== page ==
Revisiting the ‘silent’ voice of teenagers in Lagos 1940 – 1950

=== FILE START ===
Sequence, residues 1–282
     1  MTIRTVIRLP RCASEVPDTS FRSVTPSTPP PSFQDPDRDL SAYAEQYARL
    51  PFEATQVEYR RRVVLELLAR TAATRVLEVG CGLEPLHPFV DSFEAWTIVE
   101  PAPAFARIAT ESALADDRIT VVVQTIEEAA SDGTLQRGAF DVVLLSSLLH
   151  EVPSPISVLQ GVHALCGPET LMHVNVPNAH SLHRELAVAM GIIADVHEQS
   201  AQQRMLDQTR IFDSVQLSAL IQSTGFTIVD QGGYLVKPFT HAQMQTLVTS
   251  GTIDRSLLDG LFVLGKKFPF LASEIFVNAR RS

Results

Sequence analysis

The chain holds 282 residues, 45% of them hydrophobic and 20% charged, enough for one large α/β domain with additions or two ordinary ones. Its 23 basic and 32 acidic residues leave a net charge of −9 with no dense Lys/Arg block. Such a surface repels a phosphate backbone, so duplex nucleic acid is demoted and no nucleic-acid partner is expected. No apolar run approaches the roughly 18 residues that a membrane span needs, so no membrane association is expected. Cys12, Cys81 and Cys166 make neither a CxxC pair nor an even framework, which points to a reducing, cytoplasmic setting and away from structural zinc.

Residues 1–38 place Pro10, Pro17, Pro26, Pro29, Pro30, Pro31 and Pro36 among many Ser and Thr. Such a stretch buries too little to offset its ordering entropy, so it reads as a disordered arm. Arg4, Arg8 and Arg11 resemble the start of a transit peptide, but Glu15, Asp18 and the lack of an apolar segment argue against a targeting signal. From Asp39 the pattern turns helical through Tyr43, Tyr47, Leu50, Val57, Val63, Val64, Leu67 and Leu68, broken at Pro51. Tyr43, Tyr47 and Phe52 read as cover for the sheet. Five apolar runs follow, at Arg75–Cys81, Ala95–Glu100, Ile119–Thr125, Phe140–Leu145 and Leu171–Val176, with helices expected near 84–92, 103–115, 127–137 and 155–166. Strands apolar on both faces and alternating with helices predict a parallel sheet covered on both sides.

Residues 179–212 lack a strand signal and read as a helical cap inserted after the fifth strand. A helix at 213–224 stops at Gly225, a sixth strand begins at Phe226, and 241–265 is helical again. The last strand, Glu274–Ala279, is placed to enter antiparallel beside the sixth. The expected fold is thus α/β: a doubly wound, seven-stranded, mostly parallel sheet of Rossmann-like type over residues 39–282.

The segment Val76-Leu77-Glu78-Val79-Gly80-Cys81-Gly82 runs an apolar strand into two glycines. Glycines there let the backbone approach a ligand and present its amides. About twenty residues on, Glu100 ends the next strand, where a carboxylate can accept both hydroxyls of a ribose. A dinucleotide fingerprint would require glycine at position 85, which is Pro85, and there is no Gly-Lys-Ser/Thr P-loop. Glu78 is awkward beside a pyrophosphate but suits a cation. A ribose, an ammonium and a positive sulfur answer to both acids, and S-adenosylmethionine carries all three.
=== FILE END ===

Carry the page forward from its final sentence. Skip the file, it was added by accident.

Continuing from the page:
Some of the most remarkable features of archival records in Ibadan Nigeria are the written expressions of teenagers to supposed European benefactors. These writings reflect the wholesome acceptance of the European value system that the teenagers had been significantly accustomed to and which had become entrenched in their worldview and mindset. This speaks to the significant reformations that had occurred in the psyche of individuals in their generation – old and young alike. This paper presents these expressions, leaving them as they are, to allow the words „speak for themselves‟. Particular attention is given to personal experiences as regards livelihood challenges, as they were written in correspondences to colonial authorities with the aim to give readers access to the uncensored „comments‟ of youngsters on general livelihood in colonial Lagos. Earlier sources exist, which provide significant discourses and perspectives on the experiences of a good number of these teenagers. However, there is more room for engagement with their texts. One way of making the texts available for a more expansive interrogation is to present them in the teenagers‟ own language, in full view of its „disorganisation‟, „lack of finesse‟, „bad grammar‟, „errors‟, „vagueness‟, and in certain cases, „outright inconsistency‟. Hence, this article makes no pretence about trying to „elevate‟ the status of the texts, but rather treats them as a kind of picaresque that discusses colonial urban livelihood realities.